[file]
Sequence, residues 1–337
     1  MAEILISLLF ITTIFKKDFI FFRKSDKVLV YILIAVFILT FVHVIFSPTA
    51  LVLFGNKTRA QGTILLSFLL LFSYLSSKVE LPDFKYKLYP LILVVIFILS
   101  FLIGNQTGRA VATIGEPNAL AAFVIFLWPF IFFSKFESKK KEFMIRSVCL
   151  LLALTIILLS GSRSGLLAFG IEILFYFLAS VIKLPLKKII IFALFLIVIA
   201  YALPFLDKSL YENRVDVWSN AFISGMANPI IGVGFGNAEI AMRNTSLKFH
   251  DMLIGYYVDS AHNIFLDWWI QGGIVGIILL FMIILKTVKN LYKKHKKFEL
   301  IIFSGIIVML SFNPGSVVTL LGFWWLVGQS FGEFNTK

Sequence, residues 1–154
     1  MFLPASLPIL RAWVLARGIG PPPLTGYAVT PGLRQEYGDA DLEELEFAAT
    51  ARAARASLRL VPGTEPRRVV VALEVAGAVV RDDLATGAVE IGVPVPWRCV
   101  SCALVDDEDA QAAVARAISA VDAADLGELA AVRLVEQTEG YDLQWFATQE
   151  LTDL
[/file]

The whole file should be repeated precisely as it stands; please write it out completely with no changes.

Sequence, residues 1–337
     1  MAEILISLLF ITTIFKKDFI FFRKSDKVLV YILIAVFILT FVHVIFSPTA
    51  LVLFGNKTRA QGTILLSFLL LFSYLSSKVE LPDFKYKLYP LILVVIFILS
   101  FLIGNQTGRA VATIGEPNAL AAFVIFLWPF IFFSKFESKK KEFMIRSVCL
   151  LLALTIILLS GSRSGLLAFG IEILFYFLAS VIKLPLKKII IFALFLIVIA
   201  YALPFLDKSL YENRVDVWSN AFISGMANPI IGVGFGNAEI AMRNTSLKFH
   251  DMLIGYYVDS AHNIFLDWWI QGGIVGIILL FMIILKTVKN LYKKHKKFEL
   301  IIFSGIIVML SFNPGSVVTL LGFWWLVGQS FGEFNTK

Sequence, residues 1–154
     1  MFLPASLPIL RAWVLARGIG PPPLTGYAVT PGLRQEYGDA DLEELEFAAT
    51  ARAARASLRL VPGTEPRRVV VALEVAGAVV RDDLATGAVE IGVPVPWRCV
   101  SCALVDDEDA QAAVARAISA VDAADLGELA AVRLVEQTEG YDLQWFATQE
   151  LTDL